Serial Cleaners has an utterly brilliant concept, doesn't it? Rather than the killer, you're the clean-up crew. You're the ones tasked with making sure a massacre doesn't get clocked and, if it does, that there are no fingers left to point the blame (because they've been dropped in a woodchipper). It's not hard to sell the idea of Serial Cleaners, then, and with cathartic visual ASMR games like Unpacking, PowerWash Simulator, and House Flipper all the rage these days, it seems like something that taps into a seedy underbelly while ticking that impulsive thrill of vacuuming a house should be an easy win.
Serial Cleaners is an isometric stealth game, which is a good pairing considering you'll need such a vantage point to ensure you get around each level effectively. You're introduced early on to the crew: the gritty and experienced leader-like figure; the explosive psychopath; the feisty freerunner; and of course the spunky young hacker. It's New Year's Eve as the world shifts to the 2000s, and this particular clean-up crew are reminiscing about the jobs that made them. It's a curio that's surprisingly effective, and one that doesn't take itself too seriously and makes do with the obvious budgetary limitations.
Release date: 22 September 2022
Developer: Draw Distance
Publisher: 505 Games
As you probably gathered, each of the four characters comes with their own particulars when it comes to a job. However, these are just specific skills and whether you're hacking computers to switch off lights, leaping over chain-link fences to evade the cops, or slicing-and-dicing corpses, the purpose is still always the same: get rid of the mess.
Serial Cleaners is a very mechanical game, which is to say that it doesn't try to hide away from its gamified nature of an otherwise fairly gruesome aspect of professional crime. Each level works the same, by and large: go in, clean up a certain amount of blood, remove the bodies, and take the evidence. Once all of that is done, you're free to head to the getaway car and call it a job done. It's refreshing in its uncomplicated approach, and fans of stealth games will likely find some fun here – especially in the later stages where the challenge ramps up.
Crime doesn't pay
But much like the character tropes that its storyline is built upon, Serial Cleaners suffers heavily from those now-laughable tropes of the stealth genre – to a pretty startling degree. You'll start by playing on your tippy-toes, edging your way around the pools of blood and crouching around the corners of every room as you plan out your strategy in real-time while trying to evade the cops that patrol unerringly back and forth. Yep, this is the sort of stealth where you'll need to time your route through a space by matching it up with the moment that a guard just happens to be staring at a blank wall.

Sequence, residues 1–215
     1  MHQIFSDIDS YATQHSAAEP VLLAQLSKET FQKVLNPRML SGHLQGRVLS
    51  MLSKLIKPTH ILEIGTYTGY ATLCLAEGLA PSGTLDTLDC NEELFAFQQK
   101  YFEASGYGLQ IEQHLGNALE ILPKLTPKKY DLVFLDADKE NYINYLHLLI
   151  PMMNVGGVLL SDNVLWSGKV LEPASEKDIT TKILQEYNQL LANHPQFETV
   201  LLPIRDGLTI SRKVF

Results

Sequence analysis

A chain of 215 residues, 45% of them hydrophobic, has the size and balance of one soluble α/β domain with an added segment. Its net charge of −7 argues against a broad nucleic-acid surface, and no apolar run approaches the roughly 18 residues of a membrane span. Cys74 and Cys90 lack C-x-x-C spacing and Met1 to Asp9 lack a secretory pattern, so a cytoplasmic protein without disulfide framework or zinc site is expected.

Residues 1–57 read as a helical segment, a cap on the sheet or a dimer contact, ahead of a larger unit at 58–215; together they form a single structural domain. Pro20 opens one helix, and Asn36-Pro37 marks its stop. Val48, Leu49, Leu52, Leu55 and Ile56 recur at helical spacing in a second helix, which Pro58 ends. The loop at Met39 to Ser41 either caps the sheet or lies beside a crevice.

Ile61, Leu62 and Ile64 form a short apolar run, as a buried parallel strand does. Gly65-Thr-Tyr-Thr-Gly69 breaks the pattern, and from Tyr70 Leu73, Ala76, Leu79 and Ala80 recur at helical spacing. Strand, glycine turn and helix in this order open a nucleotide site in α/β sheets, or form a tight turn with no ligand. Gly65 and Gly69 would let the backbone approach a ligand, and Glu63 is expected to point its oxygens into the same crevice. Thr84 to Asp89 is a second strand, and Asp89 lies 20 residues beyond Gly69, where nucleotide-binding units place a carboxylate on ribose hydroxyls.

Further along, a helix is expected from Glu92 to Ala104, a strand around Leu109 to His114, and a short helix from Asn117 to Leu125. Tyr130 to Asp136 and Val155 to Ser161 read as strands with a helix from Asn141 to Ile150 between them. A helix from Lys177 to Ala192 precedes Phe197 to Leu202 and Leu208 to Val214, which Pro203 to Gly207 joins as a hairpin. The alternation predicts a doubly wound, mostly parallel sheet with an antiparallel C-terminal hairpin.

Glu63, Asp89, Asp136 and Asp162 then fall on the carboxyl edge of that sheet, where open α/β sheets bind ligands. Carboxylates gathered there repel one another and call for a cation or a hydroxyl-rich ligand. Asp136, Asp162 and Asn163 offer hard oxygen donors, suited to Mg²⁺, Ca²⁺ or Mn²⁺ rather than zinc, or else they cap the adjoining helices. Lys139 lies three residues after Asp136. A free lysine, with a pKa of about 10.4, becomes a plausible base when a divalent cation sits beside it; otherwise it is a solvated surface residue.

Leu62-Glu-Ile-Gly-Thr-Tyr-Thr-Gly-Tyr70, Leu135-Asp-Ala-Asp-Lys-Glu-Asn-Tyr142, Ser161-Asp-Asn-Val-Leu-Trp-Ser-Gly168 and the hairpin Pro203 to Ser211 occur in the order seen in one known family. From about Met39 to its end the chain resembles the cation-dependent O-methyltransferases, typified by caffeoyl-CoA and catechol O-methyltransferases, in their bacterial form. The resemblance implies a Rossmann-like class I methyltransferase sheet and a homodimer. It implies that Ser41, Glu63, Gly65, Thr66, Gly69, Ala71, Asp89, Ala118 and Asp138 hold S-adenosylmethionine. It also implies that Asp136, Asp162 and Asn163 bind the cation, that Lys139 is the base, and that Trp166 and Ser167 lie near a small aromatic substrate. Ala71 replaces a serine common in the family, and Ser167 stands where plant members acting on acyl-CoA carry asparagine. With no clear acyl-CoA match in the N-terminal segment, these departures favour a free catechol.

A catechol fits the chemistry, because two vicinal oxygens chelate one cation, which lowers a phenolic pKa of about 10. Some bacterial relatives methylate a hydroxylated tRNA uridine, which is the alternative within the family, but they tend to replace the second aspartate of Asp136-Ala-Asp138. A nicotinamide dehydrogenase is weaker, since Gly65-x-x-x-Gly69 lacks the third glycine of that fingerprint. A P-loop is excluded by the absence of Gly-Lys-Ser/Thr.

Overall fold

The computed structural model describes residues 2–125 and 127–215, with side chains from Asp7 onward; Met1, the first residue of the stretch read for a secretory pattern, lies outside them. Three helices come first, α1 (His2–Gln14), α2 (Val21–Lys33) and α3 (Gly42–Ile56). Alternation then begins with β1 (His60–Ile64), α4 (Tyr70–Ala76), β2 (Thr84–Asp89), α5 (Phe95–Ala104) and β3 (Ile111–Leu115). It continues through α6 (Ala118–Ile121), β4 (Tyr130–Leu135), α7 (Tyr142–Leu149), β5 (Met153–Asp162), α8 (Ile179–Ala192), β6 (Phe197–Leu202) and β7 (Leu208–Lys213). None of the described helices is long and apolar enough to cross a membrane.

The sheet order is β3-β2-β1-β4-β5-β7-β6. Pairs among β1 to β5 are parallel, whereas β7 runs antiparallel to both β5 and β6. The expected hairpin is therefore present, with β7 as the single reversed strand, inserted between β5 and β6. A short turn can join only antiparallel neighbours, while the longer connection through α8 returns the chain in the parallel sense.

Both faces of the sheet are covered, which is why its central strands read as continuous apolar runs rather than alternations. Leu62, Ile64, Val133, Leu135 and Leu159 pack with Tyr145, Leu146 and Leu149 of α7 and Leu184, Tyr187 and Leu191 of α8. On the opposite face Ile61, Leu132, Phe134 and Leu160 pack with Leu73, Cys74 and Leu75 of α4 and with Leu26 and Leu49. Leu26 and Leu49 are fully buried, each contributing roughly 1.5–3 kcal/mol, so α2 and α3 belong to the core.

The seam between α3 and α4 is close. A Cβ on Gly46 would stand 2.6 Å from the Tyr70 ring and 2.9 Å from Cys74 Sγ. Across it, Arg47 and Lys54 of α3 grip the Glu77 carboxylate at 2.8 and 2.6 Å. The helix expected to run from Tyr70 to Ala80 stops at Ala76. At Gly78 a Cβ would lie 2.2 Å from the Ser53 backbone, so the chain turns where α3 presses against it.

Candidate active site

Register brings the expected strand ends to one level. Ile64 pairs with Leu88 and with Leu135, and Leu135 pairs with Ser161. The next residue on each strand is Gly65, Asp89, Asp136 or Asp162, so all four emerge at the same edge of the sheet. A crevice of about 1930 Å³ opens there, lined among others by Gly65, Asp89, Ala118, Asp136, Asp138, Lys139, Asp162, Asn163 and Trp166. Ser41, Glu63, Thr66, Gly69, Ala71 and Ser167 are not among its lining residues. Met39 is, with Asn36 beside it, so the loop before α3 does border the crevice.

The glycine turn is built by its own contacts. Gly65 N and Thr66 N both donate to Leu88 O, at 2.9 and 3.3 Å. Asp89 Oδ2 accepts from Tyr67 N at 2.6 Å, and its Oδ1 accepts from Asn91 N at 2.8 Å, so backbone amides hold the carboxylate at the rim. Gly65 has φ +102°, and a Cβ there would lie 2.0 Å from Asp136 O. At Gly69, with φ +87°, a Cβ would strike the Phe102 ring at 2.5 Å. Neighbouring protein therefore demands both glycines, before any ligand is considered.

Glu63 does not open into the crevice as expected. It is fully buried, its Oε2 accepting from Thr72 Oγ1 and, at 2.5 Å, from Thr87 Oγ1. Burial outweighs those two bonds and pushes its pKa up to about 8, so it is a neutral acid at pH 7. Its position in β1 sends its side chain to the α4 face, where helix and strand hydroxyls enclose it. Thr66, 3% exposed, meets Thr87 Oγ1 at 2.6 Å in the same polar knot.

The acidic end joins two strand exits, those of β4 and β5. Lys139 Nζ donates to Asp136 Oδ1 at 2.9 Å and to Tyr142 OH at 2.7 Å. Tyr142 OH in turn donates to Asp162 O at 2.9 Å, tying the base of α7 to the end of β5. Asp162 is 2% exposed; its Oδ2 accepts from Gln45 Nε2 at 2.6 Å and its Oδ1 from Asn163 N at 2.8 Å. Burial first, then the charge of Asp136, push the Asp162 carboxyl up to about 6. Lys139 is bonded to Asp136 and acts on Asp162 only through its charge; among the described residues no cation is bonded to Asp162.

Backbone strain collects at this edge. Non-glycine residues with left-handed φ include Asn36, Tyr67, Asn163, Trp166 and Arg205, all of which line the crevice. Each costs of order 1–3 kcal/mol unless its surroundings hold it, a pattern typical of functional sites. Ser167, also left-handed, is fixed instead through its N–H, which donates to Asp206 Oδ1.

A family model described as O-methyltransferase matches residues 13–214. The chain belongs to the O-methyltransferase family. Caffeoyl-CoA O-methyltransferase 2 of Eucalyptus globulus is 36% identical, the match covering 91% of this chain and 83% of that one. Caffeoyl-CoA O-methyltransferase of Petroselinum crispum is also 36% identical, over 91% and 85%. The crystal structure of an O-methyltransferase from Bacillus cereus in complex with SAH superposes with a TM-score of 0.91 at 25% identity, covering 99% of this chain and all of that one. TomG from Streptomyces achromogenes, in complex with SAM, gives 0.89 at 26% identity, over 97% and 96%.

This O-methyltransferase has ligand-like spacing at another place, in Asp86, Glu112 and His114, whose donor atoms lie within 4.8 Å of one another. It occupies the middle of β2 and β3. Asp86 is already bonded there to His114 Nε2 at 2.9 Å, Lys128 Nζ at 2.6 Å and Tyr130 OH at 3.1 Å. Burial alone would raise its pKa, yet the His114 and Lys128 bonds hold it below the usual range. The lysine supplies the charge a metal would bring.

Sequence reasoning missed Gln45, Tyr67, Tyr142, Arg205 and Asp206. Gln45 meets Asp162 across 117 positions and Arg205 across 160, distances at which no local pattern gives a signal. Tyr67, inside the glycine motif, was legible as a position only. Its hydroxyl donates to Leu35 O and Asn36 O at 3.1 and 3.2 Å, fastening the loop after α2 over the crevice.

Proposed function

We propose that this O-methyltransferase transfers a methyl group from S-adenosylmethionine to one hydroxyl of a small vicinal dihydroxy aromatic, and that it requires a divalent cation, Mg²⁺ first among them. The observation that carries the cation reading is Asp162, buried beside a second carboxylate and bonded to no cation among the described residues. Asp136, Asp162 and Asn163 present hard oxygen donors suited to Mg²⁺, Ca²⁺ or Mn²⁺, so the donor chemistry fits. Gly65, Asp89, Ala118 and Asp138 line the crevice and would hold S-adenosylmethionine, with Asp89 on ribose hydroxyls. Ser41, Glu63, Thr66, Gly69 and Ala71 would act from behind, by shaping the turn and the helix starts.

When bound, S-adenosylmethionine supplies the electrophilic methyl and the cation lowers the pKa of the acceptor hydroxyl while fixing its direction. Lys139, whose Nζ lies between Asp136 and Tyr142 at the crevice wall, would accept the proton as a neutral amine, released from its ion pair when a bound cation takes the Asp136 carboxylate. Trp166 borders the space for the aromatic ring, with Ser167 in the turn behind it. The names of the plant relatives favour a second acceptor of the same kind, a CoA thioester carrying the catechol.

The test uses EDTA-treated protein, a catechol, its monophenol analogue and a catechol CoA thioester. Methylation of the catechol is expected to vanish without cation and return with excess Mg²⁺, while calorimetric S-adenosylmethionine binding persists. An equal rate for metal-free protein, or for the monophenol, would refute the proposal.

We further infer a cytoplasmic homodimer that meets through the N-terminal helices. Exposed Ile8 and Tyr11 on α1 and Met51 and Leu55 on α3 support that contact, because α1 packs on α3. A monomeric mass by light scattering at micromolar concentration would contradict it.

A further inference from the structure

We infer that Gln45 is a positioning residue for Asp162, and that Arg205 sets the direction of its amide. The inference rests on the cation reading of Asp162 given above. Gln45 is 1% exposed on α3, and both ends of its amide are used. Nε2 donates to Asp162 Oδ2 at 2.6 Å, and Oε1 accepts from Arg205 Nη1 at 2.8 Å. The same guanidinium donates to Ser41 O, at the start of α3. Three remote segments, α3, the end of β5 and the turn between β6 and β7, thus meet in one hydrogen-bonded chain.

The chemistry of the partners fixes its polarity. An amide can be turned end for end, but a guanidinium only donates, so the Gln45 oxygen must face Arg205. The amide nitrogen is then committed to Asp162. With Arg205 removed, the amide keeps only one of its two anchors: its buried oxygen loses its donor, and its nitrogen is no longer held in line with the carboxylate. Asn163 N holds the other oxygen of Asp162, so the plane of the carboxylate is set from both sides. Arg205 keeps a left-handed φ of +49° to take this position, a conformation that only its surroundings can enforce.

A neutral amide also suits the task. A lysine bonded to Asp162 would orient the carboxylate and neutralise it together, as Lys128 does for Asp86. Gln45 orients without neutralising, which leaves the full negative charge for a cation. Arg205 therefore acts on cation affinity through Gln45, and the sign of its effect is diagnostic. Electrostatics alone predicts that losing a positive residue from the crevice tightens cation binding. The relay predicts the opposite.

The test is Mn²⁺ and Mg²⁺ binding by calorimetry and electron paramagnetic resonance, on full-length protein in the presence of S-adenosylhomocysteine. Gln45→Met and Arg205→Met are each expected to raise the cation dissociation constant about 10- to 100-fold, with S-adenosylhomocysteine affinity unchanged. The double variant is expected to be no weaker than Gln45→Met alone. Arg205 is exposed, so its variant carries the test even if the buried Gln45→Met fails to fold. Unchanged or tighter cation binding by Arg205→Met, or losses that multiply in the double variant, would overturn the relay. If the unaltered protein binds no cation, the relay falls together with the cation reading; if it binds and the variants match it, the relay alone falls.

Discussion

The fact is, though, that all this precarious play is completely unnecessary. You learn far too quickly that trepidation isn't the name of the game, here. You can jog past any guards barely a metre away without even a twitching of an eardrum. Worse still, interacting with the environment will naturally cause some suspicion among the patrols, but there's no scaling sense of intrigue, no real investigation of any kind, and if you break line of sight for just a second then you're as good as invisible.
This is obviously open to abuse, but special mention should go to the vacuum cleaner. It's an all-important tool for the cleaner and an essential part of every mission. But its problem isn't its curious ability to suck-up blood from snow or dirt, we can suspend our belief just enough to accept that this is a video game and so video game rules apply. The issue is that you're able to use this thing not only in the next room, but practically within reaching distance of an officer. So long as you keep any guards outside of the tiny zone of influence while using the vacuum, then you're as good as silent.
And that's really the main problem with Serial Cleaners. It's not about trying to be deft or smart or quick, but instead it's about simply waiting until the patrol routes create a window of opportunity for you to rush in and complete the clean-up work. No skill or foreplanning necessary, just patience. You can be clocked vacuuming or dragging a corpse from just the other side of the room, and no guard will consider it important until they've (very) slowly walked over to check out what's going on. They will go and scrutinise the same door opening and closing ad infinitum, they'll investigate bodies being mysteriously packaged up or vanishing, they'll find it odd that blood simply disappears from the floor, but they'll never start to question that something is up and that maybe, just maybe, they should actually do some work to hunt you down.
Serial Cleaners was reviewed on PC, with a code provided by the publisher.